Age-related macular degeneration (AMD) is the leading cause of blindness among the elderly, and it affects more than 10 million Americans age 55 and older, according to the American Macular Degeneration Foundation. A recent study published in Free Radical Biology and Medicine looked to see if an antioxidant-rich diet would help sufferers ward of the condition for longer, and the results were surprising.
To test this, researchers studied mice because they are prone to developing retinal damage in old age in a similar fashion to humans. The mice were broken up into three groups, one ate a diet rich in grapes, a second group ate a diet with added lutein – a pigment found in plants known to support eye health, and the third group consumed a normal diet.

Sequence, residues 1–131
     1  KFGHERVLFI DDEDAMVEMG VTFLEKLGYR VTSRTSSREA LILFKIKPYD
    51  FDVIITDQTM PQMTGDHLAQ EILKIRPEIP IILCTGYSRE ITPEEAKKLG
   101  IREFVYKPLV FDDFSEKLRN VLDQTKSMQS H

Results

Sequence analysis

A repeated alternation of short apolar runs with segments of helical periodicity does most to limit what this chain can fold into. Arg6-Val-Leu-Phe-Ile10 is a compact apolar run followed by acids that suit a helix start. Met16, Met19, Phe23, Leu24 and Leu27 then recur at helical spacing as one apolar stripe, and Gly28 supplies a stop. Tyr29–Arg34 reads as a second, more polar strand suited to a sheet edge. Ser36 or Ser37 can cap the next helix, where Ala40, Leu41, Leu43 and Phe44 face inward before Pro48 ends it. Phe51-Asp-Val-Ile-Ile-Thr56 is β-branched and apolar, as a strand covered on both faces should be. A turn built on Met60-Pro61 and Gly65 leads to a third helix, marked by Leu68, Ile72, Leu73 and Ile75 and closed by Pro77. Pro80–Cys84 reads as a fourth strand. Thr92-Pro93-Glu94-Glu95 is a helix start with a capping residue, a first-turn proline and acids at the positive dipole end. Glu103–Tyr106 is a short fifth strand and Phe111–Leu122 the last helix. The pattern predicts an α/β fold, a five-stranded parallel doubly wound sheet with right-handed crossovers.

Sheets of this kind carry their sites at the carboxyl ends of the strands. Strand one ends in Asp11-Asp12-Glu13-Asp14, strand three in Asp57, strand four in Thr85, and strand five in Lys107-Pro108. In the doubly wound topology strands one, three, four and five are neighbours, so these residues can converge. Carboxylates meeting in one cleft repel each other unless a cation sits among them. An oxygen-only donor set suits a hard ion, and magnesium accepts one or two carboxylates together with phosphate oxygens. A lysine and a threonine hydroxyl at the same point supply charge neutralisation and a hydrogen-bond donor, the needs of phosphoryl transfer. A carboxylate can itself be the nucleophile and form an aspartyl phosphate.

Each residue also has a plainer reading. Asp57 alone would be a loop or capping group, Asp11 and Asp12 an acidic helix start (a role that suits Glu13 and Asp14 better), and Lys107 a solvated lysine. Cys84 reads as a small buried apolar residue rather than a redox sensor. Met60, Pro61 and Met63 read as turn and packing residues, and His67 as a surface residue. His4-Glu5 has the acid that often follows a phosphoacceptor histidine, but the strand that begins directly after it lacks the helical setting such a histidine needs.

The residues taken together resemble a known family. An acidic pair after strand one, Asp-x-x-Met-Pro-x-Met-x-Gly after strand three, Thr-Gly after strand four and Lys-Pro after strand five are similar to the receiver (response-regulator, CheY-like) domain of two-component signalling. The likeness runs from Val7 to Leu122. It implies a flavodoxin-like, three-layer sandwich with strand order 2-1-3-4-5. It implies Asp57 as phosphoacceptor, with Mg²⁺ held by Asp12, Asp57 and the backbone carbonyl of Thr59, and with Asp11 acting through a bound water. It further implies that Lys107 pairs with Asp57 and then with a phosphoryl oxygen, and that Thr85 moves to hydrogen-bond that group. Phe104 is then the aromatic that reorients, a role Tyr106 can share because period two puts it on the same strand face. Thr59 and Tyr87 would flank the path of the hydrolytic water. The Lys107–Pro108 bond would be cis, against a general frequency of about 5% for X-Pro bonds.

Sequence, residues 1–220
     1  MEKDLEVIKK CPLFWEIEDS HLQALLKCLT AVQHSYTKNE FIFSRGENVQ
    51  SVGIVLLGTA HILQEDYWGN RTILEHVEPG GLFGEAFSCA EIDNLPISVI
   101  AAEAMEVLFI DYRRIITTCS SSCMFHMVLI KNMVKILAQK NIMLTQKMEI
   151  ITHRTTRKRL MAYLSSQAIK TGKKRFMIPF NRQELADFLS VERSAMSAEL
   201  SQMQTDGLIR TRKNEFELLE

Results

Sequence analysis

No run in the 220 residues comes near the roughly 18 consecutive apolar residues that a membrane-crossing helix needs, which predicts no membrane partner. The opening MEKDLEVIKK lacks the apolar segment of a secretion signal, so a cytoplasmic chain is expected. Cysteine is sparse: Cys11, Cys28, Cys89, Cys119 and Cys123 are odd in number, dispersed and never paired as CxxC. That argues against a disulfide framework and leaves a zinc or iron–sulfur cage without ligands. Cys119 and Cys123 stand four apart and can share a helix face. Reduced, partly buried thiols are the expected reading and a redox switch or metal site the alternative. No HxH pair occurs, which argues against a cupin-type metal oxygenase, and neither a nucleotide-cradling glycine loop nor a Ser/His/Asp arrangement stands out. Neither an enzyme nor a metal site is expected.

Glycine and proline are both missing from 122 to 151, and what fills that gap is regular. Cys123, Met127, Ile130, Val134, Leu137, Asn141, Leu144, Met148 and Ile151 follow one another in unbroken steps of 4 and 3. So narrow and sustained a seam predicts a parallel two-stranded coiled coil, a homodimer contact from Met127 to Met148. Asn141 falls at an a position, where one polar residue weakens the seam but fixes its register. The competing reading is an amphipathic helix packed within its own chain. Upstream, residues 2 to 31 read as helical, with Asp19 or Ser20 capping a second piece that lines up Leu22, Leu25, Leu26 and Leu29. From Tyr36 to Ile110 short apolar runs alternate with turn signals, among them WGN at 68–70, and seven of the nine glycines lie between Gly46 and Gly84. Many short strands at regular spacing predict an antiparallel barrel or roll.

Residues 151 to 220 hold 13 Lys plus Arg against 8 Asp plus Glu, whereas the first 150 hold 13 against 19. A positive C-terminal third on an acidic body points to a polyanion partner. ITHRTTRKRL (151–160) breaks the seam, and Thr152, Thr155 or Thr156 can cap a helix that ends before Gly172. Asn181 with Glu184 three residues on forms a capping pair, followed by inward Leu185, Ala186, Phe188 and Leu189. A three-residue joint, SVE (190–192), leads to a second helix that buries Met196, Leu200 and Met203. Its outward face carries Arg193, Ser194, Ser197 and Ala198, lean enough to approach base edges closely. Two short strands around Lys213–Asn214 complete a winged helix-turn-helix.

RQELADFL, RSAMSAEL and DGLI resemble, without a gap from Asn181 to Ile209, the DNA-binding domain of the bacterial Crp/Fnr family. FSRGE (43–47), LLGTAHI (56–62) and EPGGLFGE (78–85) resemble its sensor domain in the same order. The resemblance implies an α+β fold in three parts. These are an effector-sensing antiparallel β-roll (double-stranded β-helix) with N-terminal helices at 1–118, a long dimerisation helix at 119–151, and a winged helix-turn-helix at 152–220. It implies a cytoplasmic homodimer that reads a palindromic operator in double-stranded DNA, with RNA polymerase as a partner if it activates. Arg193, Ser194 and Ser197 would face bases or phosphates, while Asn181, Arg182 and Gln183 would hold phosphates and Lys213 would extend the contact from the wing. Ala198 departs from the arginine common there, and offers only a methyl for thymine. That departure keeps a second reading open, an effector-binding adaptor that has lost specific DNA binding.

From the data, scientists found that the mice who ate the grapes were the most protected against the effects of AMD. The grapes worked to shield the mice's eyes against oxidative damage of the retina and prevented blindness as well. The mice who ate a diet with added lutein also had benefits, though the grapes were far superior in providing overall protection.
AMD is a progressive condition that ultimately leads to blindness. Poor eyesight can be detrimental to a person's overall health, and seniors living alone may suffer dangerous falls without good eyesight. Those aging in place may want to start eating more grapes to ward off AMD and install a senior alert system to be able to call for help in case of a fall.